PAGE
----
In fact, we’re never quite certain who is observing whom in They Remain. Whether it’s ghosts, hallucinations, cave dwellers, or just the effects of isolation, the feeling of someone watching is quite inescapable.

In scene after scene, Gelatt’s camera finds Keith hunkered down in the bush, but he doesn’t blend into his surroundings at all. He’s nervous because he isn’t safe, and he can’t hide in what is rapidly shaping up to be a hostile environment.

That’s a scary position to be in. They Remain is a profoundly unsettling movie and a very effective one.

Seance (2021)

When you’re the new kid in school, it helps to be adopted by the popular clique, even if they’re into necromancy. Go along to get along, you know?

Seance is set at Edelvine Academy for Girls, a prestigious private learning institution with a recent opening, thanks to a student hopping out the window during a paranormal prank.

Editor’s Note: When are we going to outlaw pranks? Nothing good ever comes from pranks and people get hurt, disfigured, and killed all the damn time.

New student Camille Meadows (Suki Waterhouse) moves into the recently vacated room and gets picked on by the same Mean Girls who drove the previous occupant to jump.

Camille and the Mean Girls all end up in detention together, where an alliance of sorts is formed, and a seance is convened to see if any ghosts want to communicate.

Surprise! They do!

Featuring both a ghost and masked psychos bearing cutlery, Seance is smartly written and full of gradually revealed plot twists that take sinister shape under the guidance of writer-director Simon Barrett (You’re Next, Dead Birds).

There aren’t buckets of blood, but there’s a body count and a few memorable kills, including Bethany’s (Madisen Beaty) fluorescent tube tracheotomy.

It’s also a movie about duty and the bonds of friendship that run deeper than the need for acceptance within a group of nasty bitches.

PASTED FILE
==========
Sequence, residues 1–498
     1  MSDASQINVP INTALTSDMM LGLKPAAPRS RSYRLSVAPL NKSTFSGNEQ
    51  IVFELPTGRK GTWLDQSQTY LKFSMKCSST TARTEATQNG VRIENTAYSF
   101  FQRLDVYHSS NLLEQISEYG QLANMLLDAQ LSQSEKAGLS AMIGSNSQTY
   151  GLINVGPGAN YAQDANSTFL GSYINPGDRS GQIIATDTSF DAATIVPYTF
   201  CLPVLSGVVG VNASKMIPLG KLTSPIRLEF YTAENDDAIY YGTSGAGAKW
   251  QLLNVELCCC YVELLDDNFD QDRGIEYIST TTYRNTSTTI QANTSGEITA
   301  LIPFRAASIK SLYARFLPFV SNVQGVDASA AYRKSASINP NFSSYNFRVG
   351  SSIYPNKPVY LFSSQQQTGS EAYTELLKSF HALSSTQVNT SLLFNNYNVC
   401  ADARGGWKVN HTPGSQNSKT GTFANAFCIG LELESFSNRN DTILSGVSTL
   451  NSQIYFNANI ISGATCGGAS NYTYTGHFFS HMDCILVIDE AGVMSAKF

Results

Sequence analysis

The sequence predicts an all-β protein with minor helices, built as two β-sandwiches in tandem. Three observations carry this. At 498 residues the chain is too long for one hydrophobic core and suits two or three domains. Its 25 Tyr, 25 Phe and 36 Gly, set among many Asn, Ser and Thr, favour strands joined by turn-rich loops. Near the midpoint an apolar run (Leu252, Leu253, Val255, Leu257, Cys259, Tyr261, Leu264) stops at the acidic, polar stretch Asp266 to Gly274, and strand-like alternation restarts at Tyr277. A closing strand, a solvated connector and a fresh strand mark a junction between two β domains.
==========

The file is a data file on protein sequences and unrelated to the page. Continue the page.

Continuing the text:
Recommended! Start the new year off right.

Censor (2021)

To anyone who dares spread the rumor that horror movies are responsible for the moral decay of society, here is a provocative feature for your consideration.

Set against England’s Video Nasty outrage of the mid-’80s, Censor takes us inside the head of Enid Baines (Niamh Algar), an efficient and organized member of the government agency in charge of rating violent and disturbing films of the day, like Driller Killer and Deranged.

Enid is quite good at her job but her personal life hasn’t recovered from the childhood trauma of losing her sister Nina in the woods, and she continues to harbor hopes that she will turn up one day.

When she’s assigned a Nasty called Don’t Go in the Church, something shifts in Enid’s memories as the movie seems to be a re-creation of the day her sister disappeared, a haunting mystery that was never solved, and the details of which she can’t remember.

Her parents want her to move on with her life and meet a nice fellah, but Enid is determined to track down the cult filmmaker who could be the source of everything that’s gone wrong in her life.

Welsh writer-director Prano Bailey-Bond has fashioned a deeply drawn character in Enid, and the performance by Algar just keeps getting richer, even as her world gets darker, infected by the barrage of torture and cruelty she witnesses on a daily basis.

Bailey-Bond does a first-rate job of establishing time and place, when England was under a media-fueled frenzy of lurid details from “hardcore” horror films dubbed “Video Nasties.”

Enid’s office, with its dark little viewing rooms, becomes equally lurid, as screams and chopping sounds fill the halls.

Job pressures take their toll on Enid, a thoroughly professional woman with a complicated, compartmentalized life. Like Cassandra Thomas in Promising Young Woman, she has answered a calling and takes pride in her work.

Unfortunately, Enid, an otherwise intelligent and perceptive woman, ignores the warning issued by more than one character, that being, “Evil is contagious.”

In my estimation, Censor is one of the best horror films of the year.

Girl on the Third Floor (2019)

I haven’t followed professional rasslin’ for the last decade or two, so I’ve missed out on the rise of CM Punk, a straight-edge, comic book-loving, butt-kicking atheist who’s managed to win several championship belts in the early part of the 21st century.

In Girl on the Third Floor he tries on a tool belt to restore an old Victorian mansion with a bad reputation as a peace offering to his pregnant wife, Liz (Trieste Kelly Dunn).

Don Koch (Punk), is a financial con artist who’s cut a deal with the feds to stay out of prison, despite draining several pension funds. Having proven himself to be a liar, a drunk, and a womanizer, Don has vowed to turn over a new leaf, and “make everything right” by fixing up a former brothel into a dream home for his burgeoning family.